The Secret Password Is...
If your password is as easy as 123, we need to talk.
The first password I ever remember using when I started in system administration was ".redruM" (no quotes). It was by far the craftiest, most-impossible-to-guess password ever conceived by a sentient being. Sadly, a mere 17 years later (wow, it's been a long time!) that password probably could be brute-force compromised in ten minutes—with a cell phone.
Since retinal scans still mainly are used in the movies to set the scene for gruesome eyeball-stealing, for the foreseeable future (pun intended), we're stuck with passwords. In this article, I want to take some time to discuss best practices and give some thoughts on cool software designed to help you keep your private affairs private. Before getting into the how-to section, let me openly discuss the how-not-to.
The Things You Shall Not Do
It's a bad idea to write your password on a sticky note and affix it to your monitor.
Yes, it sounds like a joke, but this happens every day—in almost every business. In fact, sometimes tech folks are guilty of this cardinal sin because they've changed passwords for users and need to let them know their new passwords. Seeing your password written or typed out should cause you physical pain and distress. Displaying it on your monitor is just wrong.
It's a bad idea to use any of the following as your password, or at least as your entire password:
Your pet's name, current or past.
Your child's name or nickname.
Your car's name, model or a car you want.
Birth dates of any people you know.
Name of your college/high-school mascot.
Anything related to your hobbies.
Your address in any form.
Your telephone number, past or present.
Your mother's maiden name (this is less secure than .redruM).
Any of the following: password, 123456, abc123, letmein, love, iloveyou, sex, god, trustno1, master, asdfjkl;, qwerty, password123, secret, jesus or ninja.
If I've just described your password or, heaven forbid, actually listed it in the last bullet point (some of the most common passwords), you need to keep reading. Don't change your password yet though, as I'm going to discuss best practices next, but even if you don't read another word, you can't leave your password like it is—really.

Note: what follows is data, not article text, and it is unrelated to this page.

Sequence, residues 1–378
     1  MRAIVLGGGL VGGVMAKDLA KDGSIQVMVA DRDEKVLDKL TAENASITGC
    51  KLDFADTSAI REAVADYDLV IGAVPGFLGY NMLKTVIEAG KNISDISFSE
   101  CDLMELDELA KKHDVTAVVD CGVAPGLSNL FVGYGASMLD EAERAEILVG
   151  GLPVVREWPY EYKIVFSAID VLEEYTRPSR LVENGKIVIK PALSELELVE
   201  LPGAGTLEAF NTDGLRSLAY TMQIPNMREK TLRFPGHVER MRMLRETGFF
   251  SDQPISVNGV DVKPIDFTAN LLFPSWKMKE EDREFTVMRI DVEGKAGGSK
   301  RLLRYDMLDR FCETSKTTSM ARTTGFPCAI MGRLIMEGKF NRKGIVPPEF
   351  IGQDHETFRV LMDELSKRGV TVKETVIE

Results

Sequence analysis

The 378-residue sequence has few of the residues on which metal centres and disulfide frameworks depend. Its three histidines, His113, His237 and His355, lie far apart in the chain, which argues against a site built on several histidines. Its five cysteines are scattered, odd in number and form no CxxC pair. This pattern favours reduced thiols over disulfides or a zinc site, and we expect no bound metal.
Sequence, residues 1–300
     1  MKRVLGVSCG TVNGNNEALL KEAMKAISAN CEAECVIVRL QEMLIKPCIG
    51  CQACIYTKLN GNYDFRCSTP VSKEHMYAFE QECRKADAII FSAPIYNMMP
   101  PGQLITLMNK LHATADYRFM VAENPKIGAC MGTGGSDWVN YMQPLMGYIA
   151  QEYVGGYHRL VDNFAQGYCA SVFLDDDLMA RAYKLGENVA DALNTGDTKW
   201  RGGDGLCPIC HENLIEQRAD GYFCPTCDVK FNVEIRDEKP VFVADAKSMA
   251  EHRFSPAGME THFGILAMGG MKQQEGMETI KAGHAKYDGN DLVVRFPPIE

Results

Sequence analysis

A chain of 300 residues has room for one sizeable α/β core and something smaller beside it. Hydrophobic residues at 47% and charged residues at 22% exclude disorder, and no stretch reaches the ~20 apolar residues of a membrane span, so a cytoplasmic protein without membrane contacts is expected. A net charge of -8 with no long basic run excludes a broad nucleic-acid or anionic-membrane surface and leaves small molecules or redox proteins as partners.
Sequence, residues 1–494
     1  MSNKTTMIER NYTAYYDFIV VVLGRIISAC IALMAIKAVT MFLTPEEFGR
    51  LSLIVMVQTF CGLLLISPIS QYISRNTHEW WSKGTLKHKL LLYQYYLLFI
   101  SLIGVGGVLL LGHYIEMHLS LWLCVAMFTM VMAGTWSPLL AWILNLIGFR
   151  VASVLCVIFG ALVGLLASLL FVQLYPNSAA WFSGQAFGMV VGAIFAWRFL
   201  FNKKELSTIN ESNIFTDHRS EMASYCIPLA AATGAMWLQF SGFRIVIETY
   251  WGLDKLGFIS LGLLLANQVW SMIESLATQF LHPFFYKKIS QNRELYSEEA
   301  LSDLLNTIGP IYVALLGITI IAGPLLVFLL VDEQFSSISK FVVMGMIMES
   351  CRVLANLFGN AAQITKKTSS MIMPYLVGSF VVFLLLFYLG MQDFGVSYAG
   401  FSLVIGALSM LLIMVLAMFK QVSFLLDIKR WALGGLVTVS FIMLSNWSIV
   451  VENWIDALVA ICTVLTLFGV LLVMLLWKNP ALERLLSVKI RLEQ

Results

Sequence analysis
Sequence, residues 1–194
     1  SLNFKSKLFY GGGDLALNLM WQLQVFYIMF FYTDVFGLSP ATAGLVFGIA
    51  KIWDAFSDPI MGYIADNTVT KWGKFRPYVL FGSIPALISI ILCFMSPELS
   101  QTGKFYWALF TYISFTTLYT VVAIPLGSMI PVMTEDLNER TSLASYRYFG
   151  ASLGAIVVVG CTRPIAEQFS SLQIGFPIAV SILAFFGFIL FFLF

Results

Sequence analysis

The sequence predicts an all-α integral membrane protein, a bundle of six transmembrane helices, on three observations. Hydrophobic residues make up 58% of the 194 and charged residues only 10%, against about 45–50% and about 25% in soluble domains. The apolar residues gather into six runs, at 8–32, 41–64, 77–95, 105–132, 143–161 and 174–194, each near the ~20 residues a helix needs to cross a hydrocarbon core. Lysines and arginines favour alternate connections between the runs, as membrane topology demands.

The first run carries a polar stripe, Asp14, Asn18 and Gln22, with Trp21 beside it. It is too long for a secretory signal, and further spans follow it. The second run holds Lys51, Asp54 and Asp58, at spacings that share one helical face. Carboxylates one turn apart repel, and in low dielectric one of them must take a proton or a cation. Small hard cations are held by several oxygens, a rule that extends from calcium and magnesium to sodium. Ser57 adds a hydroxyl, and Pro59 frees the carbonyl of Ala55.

The Things You Shall Try to Do
When it comes to passwords, the longer and more complex, the better. Unfortunately, there is an inverse relationship between the quality of a password and a person's ability to remember it. Logically, one would find the balance between easy to remember and sufficiently complex, but because some people forget how to spell their own names, using some tricks of the trade is necessary—preferably, combining the tricks.
The Sentence-Mnemonic Method
if I were to tell you my password is "sipmnwnoilbinetb" and that I can remember it every time, you'd probably be impressed. Watch, I'll type it again without looking back: sipmnwnoilbinetb.
Am I really a cyborg with an eidetic memory? Maybe, but in this case, I've just used the sentence-mnemonic method to remember my password. In reality, when I type that password, I'm saying in my head, "Sometimes I pick my nose when no one is looking, but I never eat the boogers."
This particular mnemonic is good for a couple reasons. One, it's easy to remember. Two, it's a horrible lie, so no one would ever guess that's what I'm typing. And three, because it's embarrassing, it's unlikely that I'd say it out loud while typing. For most people, just using this method for passwords would be an improvement over their current practice. For the best security, however, it's important to add other complexity.
Practical Task Scheduling Deployment
July 20, 2016 12:00 pm CDT
One of the best things about the UNIX environment (aside from being stable and efficient) is the vast array of software tools available to help you do your job. Traditionally, a UNIX tool does only one thing, but does that one thing very well. For example, grep is very easy to use and can search vast amounts of data quickly. The find tool can find a particular file or files based on all kinds of criteria. It's pretty easy to string these tools together to build even more powerful tools, such as a tool that finds all of the .log files in the /home directory and searches each one for a particular entry. This erector-set mentality allows UNIX system administrators to seem to always have the right tool for the job.
Cron traditionally has been considered another such a tool for job scheduling, but is it enough? This webinar considers that very question. The first part builds on a previous Geek Guide, Beyond Cron, and briefly describes how to know when it might be time to consider upgrading your job scheduling infrastructure. The second part presents an actual planning and implementation framework.
Join Linux Journal's Mike Diehl and Pat Cameron of Help Systems.
Free to Linux Journal readers.Register Now!
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